Walkthrough: How I Analyze an Artwork, by Anaika

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Preface: I have chosen to write this blog in more of an informal tone; as an Art lover, talking about how she observes art and interprets it. Analyzing an artwork is such a personal journey, I wanted to share mine with you. I hope you can take something away from this piece that helps you understand or view art in a new light 🙂

I used to think that analyzing art was a daunting task that only Art Historians and connoisseurs would/should know how to do. But at the end of the day, art is for everyone, and so it would be nice if we could “understand” it.I have always viewed art as a language, as if the artist were trying to say something to us, tell us a story, a secret, about themselves, or the world, and we need to decipher it. Not all paintings have to have a deep meaning or a hidden message, but I have fun trying to get inside the brain of an artist, using all the clues they have left for us on the canvas, it’s like an investigation!

I usually break down my “analysis” into three main layers and one additional layer for good luck;

Level 1- everything in front of me, all the parts that make up this painting

Level 2- why do I think they are there?

Level 3- The research I have done about the artist and how it ties in with the painting

Level 4- Reaction- which is super subjective

Let’s dive in, shall we?

The first level consists of all your observations. “What do I see in front of me?” (Let’s say it is a painting for this example) I like to describe what I’m looking at, making a mental note of everything I see. What is the subject of the painting, if there is one?

What catches my eye?

What other elements do I see?

Where is it set, in what time period?

How about the composition and space: how do the elements on the canvas interact with each other? Is the work a close up or is it zoomed out? Is the artist trying to hide or reveal something? What is the focal point of the painting, what are your eyes drawn to? I then look at the colour palette; what is the significance of the colours used, colours can set the mood of the painting. For me, blue is calming, yellow might be hopeful and red can be high in emotion, but then I have to simultaneously look at the textures.

I look out for the textures and lines in the artwork, textures can indicate certain themes or concepts; smooth texture or lines can depict tranquility, hazy can mean a dream-like state, perhaps rigid brushstrokes show anger? It can also be a characteristic of the medium used (watercolours can look more faded or dreamy, palette work with oil paints can seem choppy) or the artist’s style.And finally the style. The style of a painting sets the tone of the painting, it can also help set the where and the when. It gives you insights into the artist’s life and surroundings while they were creating this piece.I use these as my visual elements that serve as the foundation of my analysis, I usually build off of the first level to get to a more in depth analysis.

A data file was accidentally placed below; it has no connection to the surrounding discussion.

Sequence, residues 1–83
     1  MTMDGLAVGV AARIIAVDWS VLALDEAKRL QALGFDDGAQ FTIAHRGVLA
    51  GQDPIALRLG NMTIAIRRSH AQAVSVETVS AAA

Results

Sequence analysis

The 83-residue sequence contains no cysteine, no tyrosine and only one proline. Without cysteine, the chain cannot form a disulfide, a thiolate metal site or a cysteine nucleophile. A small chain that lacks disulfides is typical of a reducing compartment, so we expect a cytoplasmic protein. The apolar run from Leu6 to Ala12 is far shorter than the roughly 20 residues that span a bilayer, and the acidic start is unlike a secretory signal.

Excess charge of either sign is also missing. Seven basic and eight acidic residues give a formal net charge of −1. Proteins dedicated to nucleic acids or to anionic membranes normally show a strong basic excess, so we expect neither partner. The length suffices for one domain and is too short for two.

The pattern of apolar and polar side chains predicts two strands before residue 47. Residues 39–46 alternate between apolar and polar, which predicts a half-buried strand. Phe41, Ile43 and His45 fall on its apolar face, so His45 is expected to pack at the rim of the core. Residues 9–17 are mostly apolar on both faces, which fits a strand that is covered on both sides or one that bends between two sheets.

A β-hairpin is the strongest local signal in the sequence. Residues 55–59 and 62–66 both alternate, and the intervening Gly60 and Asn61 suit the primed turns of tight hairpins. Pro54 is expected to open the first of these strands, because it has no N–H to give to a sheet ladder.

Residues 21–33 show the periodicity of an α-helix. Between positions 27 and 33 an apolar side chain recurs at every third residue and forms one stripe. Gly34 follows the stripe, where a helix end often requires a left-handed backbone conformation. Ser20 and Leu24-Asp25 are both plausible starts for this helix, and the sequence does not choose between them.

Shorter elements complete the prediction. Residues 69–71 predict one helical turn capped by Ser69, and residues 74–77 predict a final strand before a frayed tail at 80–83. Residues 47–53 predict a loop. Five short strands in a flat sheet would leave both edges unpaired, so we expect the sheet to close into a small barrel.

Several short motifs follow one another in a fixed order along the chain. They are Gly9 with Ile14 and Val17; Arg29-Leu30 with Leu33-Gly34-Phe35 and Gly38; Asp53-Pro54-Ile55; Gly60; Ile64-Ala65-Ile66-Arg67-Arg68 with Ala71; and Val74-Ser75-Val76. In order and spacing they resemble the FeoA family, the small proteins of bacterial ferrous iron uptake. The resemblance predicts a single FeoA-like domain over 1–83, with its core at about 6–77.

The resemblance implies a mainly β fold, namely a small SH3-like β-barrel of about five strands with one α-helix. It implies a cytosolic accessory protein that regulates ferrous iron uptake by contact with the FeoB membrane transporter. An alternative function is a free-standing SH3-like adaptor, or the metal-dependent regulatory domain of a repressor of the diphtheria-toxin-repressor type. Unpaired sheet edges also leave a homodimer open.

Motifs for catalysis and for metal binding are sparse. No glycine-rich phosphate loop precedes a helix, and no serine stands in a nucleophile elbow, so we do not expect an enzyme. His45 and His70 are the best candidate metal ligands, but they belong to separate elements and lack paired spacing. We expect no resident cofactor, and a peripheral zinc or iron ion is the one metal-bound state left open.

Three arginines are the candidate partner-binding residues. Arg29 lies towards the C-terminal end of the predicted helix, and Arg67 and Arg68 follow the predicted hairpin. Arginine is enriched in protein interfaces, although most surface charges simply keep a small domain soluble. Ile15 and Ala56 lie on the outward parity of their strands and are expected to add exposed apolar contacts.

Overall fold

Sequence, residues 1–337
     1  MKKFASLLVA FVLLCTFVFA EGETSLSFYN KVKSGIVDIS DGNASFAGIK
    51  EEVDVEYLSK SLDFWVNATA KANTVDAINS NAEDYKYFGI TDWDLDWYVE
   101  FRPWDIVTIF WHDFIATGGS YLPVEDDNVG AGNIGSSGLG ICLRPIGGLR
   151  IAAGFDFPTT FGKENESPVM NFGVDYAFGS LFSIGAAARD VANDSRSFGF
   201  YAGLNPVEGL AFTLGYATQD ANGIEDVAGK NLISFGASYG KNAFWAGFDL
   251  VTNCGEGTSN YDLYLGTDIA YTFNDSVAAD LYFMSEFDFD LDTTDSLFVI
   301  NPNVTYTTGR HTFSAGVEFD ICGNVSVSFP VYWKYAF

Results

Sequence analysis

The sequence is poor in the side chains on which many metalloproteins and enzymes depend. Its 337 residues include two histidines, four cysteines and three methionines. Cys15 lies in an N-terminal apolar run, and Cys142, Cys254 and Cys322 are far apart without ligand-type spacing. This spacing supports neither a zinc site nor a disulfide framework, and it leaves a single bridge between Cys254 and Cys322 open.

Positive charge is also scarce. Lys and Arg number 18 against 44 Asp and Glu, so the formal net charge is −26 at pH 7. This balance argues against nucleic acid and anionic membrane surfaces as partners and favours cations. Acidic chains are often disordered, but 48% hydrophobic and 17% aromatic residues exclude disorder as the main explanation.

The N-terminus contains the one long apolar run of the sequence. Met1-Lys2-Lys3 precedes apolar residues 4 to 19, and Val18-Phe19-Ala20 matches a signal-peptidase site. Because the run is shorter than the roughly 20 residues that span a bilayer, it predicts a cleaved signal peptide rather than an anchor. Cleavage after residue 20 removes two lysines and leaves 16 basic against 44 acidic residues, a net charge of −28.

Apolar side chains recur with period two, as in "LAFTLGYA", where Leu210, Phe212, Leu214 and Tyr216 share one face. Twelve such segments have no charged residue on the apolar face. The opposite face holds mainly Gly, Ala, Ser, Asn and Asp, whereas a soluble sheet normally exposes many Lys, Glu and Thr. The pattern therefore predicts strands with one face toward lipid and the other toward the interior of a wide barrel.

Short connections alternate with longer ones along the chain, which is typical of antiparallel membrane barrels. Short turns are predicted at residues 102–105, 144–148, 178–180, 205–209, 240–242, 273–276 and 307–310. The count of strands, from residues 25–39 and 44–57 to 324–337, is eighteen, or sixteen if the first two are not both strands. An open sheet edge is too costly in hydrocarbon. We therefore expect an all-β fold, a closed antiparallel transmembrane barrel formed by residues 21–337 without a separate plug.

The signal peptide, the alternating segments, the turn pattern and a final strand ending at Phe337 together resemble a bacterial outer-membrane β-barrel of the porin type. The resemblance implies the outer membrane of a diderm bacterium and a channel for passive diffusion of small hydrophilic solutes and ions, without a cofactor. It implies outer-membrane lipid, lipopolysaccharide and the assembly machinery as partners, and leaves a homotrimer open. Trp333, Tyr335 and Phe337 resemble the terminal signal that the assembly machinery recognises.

Next is the second level, which, simply put, is the “Why?” I run all the observations I’ve made of the painting through either of these questions, “why did the artist use this particular element?” and/or “how has it been used?” This helps me understand the reason behind the painting, which brings me one step closer to completing my analysis!The third level is the part of the process where I usually gather external information about the painting to help wrap up the understanding of the piece. Insight into the artist’s life can be a significant component, it can indicate the artist’s state of mind, the emotions they wanted to showcase, their style, the message they were conveying, and much more. I find it very useful to know more about the artist and other relevant information. The time period can solidify the art style or form in a broader way, it can also help determine whether the artwork’s message aligns with a significant event. This can be further elevated by hindsight: what effects did the painting have back then, was it well received, has the meaning changed over time, is it still relevant today, has it preserved that particular moment in time? Why did the artist decide to paint this particular subject, or in this particular style.

I like to question the elements with my new found information to fill in all the gaps.And finally, the viewer’s reaction. This part is purely for the observer, you decide whether or not you like the work. Maybe you like the story but not the style, you might like the artist but not this particular work, perhaps you understand the artistic choices but the elements are too jarring for you, this is your opinion. This part is a little easier to go through, because it is how the artwork makes you feel. Are you drawn to it? If you are looking to purchase the painting, is it something you can commit to? What does the painting mean to you? Analyzing a painting is like peeking into the artist’s soul, or going back in time. The analysis gives you tools to unravel the story and complete the puzzle, which could look different depending on who you are and what you see.Not every painting you see has to be so thoroughly analyzed, but it is something you can do if the painting draws your attention, it can help you decide on making the commitment of purchasing a painting.

In the end, remember that art is subjective, which loosely translates to: “Your opinion is valid.”Image source: drawpaintacademy.com

Artwork by Childe Hassam, The Sea, 1892

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